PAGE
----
A cadre of authors and coaches promise bulletproof methods for molding more accountable employees, while leadership articles relentlessly laud accountability's virtues. Google NGram underscores the trend. The use of the word "accountability" in books has risen dramatically since the 1960s.
Need to solve an organizational problem? Proponents respond with their rallying cry: "make employees more accountable!"
As the main ingredient in a management recipe, it produces a predictable but bland dish: mediocrity. While the risk averse find accountability tasty, those with a passion for the exceptional avoid it like spoiled sushi.
No matter how proponents try to sanitize it, accountability implies consequence.
As an example, consider the HBR article, "Change Management Needs to Change". The author notes that "most studies still show a 60-70% failure rate for organizational change projects", blames the problem on "managerial capacity" that's "woefully underdeveloped" and goes on to suggest a solution. In part, the elixir is (drum roll please): more accountability!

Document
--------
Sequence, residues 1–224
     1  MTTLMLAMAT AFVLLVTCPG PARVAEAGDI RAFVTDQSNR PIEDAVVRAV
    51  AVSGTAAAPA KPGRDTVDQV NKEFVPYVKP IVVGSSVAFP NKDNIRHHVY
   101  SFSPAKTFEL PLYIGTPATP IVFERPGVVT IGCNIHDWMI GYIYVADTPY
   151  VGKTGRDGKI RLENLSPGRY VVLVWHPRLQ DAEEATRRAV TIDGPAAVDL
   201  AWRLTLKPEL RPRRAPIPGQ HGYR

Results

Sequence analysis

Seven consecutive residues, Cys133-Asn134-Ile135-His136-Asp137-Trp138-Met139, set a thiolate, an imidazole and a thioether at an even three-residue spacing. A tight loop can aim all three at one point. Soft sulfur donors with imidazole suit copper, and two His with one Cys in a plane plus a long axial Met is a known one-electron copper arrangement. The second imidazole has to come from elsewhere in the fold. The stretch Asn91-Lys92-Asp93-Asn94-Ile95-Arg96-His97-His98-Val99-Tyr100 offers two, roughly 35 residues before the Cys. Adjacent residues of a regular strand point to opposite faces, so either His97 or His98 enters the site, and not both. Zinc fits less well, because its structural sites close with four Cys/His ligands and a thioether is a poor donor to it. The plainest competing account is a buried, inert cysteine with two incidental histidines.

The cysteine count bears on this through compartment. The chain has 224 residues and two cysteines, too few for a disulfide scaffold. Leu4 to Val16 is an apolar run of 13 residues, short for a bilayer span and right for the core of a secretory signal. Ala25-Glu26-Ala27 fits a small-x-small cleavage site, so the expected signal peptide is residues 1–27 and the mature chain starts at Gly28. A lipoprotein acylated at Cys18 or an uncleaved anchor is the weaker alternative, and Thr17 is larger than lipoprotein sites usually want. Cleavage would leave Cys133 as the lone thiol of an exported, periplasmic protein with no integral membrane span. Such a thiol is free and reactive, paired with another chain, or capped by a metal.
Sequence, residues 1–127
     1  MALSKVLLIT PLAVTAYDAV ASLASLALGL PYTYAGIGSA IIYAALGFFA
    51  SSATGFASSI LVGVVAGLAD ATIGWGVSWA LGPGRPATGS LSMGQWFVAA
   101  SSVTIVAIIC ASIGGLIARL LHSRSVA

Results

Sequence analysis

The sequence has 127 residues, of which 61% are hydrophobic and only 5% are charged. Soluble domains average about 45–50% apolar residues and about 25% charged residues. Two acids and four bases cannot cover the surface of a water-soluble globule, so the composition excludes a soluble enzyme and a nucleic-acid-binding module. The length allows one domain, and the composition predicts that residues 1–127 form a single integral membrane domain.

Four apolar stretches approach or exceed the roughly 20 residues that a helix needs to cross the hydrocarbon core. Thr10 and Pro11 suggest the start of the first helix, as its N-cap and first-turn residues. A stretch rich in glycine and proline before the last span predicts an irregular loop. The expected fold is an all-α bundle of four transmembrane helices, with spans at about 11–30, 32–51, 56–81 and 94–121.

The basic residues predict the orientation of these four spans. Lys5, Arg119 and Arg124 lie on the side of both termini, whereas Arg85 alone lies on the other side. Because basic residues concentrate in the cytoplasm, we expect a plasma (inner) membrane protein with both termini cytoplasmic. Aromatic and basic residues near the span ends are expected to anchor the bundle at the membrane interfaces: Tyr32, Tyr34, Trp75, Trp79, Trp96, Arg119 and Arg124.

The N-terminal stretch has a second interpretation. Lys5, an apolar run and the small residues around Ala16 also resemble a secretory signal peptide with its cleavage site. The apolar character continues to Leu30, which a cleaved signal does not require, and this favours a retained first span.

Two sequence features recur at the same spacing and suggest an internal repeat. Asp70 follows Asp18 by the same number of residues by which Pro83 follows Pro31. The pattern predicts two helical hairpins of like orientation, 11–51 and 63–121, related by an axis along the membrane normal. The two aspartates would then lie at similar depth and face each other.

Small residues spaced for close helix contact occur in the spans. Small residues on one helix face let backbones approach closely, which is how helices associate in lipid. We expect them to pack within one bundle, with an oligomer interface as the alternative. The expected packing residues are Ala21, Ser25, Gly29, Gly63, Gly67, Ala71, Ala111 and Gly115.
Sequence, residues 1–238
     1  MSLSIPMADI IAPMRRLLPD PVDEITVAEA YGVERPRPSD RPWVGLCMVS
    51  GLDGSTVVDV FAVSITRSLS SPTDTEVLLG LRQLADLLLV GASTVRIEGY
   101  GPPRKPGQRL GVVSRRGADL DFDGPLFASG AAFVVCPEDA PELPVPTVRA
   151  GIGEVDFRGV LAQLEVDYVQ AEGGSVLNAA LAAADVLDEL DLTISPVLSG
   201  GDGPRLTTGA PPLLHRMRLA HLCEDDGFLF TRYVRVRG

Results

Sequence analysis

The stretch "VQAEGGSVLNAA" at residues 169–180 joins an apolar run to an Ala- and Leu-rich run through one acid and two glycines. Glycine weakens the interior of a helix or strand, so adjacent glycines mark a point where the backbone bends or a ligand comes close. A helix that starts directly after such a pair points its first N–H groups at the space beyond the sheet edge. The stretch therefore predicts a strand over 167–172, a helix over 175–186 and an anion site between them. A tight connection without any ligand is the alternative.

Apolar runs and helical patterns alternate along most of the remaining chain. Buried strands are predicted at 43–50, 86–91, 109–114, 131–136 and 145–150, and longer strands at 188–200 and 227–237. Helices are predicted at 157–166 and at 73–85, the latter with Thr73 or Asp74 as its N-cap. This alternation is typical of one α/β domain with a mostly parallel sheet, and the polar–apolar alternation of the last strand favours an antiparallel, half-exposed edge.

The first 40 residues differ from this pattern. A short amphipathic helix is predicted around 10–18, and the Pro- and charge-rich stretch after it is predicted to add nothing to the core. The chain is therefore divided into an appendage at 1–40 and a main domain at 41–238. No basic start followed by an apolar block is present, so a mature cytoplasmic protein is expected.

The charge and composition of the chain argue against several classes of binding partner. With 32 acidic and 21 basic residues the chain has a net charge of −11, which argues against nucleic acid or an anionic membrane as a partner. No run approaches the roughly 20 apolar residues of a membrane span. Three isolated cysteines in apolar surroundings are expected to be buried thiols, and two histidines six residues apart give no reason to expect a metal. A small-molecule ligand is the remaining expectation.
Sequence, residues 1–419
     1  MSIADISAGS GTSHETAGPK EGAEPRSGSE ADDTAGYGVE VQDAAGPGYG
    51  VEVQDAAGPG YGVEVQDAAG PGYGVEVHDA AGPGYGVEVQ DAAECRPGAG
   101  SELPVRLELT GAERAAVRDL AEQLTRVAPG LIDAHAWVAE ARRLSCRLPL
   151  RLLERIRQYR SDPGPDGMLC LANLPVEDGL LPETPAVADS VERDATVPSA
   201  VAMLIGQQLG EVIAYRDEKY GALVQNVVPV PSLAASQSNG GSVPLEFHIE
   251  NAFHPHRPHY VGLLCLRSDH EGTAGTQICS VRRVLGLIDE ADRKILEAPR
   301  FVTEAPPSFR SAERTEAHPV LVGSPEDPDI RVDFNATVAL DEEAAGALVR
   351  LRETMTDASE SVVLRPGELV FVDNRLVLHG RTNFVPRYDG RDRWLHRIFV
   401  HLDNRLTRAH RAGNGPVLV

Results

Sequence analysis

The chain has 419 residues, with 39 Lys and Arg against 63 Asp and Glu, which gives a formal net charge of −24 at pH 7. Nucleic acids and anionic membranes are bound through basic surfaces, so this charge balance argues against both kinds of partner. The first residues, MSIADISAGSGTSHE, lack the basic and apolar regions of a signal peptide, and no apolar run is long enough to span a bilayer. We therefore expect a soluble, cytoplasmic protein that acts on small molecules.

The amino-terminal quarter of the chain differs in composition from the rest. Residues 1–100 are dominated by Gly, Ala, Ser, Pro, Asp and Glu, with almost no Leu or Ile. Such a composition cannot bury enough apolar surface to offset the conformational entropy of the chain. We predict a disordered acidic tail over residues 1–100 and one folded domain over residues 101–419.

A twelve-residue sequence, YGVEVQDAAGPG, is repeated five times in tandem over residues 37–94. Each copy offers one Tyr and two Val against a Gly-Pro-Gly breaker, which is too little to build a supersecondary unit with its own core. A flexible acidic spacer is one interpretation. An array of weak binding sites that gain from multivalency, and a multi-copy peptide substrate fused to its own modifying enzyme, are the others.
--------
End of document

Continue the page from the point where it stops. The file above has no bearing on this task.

The more disturbing part of the author's prescription is this statement regarding managers: "certain behaviors are rewarded or punished accordingly". Punished? Would this include adding a section to the Employee Manual titled "punishments"? Has this author found that "punished" employees deliver better results?
Consequence manifests as fear and fear is no way to lead. The problem with accountability as a management precept is clear: it misframes the relationship between a leader and their team. Excellence is sacrificed for mediocrity.
In its list of company values, Red Gate Software puts it this way: "Motivation isn’t about carrots and sticks – Constant oversight and the threat of punishment are incompatible with great, fulfilling work."
The disdain two legendary consultants have for accountability couldn't be stronger. W. Edwards Deming had this to say: "Hold everybody accountable? Ridiculous! " Tom Peters made his view clear on Twitter (June 3, 2012): "... Let's outlaw accountability!"
Without resorting to the semantical gymnastics in which advocates usually engage, is there compelling evidence that emphasizing accountability produces better results?